The surprising thing was they went expecting barbarians, unwashed heathen, et cetera. And this is a theme in ambassadorial encounter. They did go. They tried their assassination thing. It didn't work. But they came back with reports of the Huns that were simply not what Byzantium was expecting. The ambassador saw this feast. Attila, he was expecting this ruthless, horrible man, but in fact he was very sedate, he was modestly dressed. And there was this lovely moment at the ambassadorial feast where Attila's son comes in and he pinches his son's cheeks, laughs and smiles at him with serene eyes, the ambassador said.
And this completely destroys the Byzantine assumption that these people are barbarians. In fact, the Huns were a sophisticated civilization. And it happens time and time again that ambassadors going these ludicrous distances to these ludicrously out of the way places confound preconceived ideas. We could use some of that now.
CONAN: I suspect you're right. We're talking with Jonathan Wright, whose book is The Ambassadors. And you're listening to TALK OF THE NATION from NPR News.
As you suggest in the title of your book, the function of diplomats is to introduce one culture to another, to send back reports. And this cultural understanding, at the same time, comes with a layer of duplicity and espionage, and of course commercial dealing as well.
Mr. WRIGHT: There are two things you've got to do, aren't there? If you're going to go these long distances, you have to, well, A, going that far to introduce yourself is a sign of respect. But also, once you get there, you have to make sure that you are respected. It's - the ambassador has this impossible juggling act to do, then and now. They have to be the representatives of their nation's interests. They have to bang policy drums, and they always have done that. But also, they have to go through these processes of what I would call ritual humiliation.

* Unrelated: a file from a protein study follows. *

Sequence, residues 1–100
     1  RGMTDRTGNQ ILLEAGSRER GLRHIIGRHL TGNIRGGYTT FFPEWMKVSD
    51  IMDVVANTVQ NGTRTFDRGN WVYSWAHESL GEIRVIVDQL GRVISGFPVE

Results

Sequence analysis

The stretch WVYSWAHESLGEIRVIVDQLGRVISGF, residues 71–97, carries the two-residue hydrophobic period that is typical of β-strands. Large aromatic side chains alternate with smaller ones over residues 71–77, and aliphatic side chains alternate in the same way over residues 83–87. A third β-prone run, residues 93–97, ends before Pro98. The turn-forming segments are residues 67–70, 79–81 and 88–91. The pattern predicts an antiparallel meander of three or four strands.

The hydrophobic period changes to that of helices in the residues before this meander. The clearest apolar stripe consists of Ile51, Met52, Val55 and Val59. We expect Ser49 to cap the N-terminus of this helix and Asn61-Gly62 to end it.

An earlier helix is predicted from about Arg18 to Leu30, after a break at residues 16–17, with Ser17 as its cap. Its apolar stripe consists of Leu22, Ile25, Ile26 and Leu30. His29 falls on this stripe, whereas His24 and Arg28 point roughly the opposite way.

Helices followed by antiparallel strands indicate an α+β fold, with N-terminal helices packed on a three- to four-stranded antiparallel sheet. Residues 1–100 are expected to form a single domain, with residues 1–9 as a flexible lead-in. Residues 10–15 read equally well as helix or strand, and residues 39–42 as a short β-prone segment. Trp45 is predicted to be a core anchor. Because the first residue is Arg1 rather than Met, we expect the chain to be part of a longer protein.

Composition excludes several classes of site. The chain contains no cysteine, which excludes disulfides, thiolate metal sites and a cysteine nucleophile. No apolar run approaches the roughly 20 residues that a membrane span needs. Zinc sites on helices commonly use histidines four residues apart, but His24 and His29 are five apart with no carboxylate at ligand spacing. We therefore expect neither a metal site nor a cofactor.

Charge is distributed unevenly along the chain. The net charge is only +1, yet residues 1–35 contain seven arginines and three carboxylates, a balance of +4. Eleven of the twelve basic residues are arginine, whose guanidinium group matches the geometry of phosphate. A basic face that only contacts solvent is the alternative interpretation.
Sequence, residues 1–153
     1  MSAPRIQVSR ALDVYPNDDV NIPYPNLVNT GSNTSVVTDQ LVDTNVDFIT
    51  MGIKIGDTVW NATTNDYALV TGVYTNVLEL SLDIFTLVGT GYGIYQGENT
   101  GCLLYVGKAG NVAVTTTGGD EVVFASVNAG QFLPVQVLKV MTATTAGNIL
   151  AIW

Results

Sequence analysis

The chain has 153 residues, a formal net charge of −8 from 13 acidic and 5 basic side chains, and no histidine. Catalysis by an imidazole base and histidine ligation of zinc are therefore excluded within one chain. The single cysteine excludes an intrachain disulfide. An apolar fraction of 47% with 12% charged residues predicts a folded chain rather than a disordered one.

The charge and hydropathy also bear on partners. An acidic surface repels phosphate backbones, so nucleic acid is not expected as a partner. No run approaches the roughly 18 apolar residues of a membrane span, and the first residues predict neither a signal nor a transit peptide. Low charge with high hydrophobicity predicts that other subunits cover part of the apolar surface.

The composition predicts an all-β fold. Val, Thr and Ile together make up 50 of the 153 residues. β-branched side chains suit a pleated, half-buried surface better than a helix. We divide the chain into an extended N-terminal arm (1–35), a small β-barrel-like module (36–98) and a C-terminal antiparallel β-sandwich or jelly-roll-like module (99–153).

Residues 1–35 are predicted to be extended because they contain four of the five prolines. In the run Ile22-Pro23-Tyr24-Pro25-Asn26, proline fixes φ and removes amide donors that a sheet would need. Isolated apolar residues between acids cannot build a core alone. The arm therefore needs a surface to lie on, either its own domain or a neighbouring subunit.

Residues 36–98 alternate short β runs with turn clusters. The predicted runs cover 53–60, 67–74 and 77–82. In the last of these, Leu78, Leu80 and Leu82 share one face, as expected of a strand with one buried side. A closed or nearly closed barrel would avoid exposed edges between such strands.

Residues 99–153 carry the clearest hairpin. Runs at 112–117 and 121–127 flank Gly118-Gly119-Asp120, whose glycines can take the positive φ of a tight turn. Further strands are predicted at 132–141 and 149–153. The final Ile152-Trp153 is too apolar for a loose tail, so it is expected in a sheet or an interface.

These days in London, the U.S. ambassador, because of the congestion charge thing, is called a chiseling little crook by the mayor of London.
(Soundbite of laughter)
Mr. WRIGHT: Now I think - I'm not sure - I think he's a Texan at the moment, the U.S. ambassador. And ordinarily, presumably, he wouldn't take that too well. But he has to take it on the chin. But at the same time, he has to put his point across. He has to serve his nation's interests.
It used to be much worse. Talking of the Middle East. The Egyptians, when people used to come to them, people had to prostrate themselves seven times on their bellies, seven times on their backs, and call themselves the dust beneath the sandals of the pharaoh. So I guess, in some sense, things are not quite as embarrassing as they used to be.
CONAN: Your book suggests that ambassadors have been required - as soon as we organized nations, we needed ambassadors. Yet the first people to organize an actual department of state, if you will, were those same Byzantines who had the ham-fisted approach to Attila the Hun. Yet tellingly, I think their bureau was called the Bureau of Barbarian Affairs.
Mr. WRIGHT: Yes. The Barbarian Bureau. It's beautiful, isn't it? I think every modern chancellery ought to have one. But no. And in fact, even later than that - I mean the Romans the Greeks had no established, you know, foreign department. The Byzantines were slightly more sophisticated in that they had personnel, but not career people, et cetera, et cetera.